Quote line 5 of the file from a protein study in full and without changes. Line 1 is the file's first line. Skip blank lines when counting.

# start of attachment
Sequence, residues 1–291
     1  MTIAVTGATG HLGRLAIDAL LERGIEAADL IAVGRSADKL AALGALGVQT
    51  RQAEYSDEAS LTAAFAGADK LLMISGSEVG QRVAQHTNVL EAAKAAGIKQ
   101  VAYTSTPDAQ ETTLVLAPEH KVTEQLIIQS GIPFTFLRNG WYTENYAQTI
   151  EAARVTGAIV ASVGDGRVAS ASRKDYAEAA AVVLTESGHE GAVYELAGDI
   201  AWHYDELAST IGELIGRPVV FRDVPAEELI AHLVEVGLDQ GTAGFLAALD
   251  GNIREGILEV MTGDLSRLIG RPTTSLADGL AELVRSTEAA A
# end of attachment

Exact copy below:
   151  EAARVTGAIV ASVGDGRVAS ASRKDYAEAA AVVLTESGHE GAVYELAGDI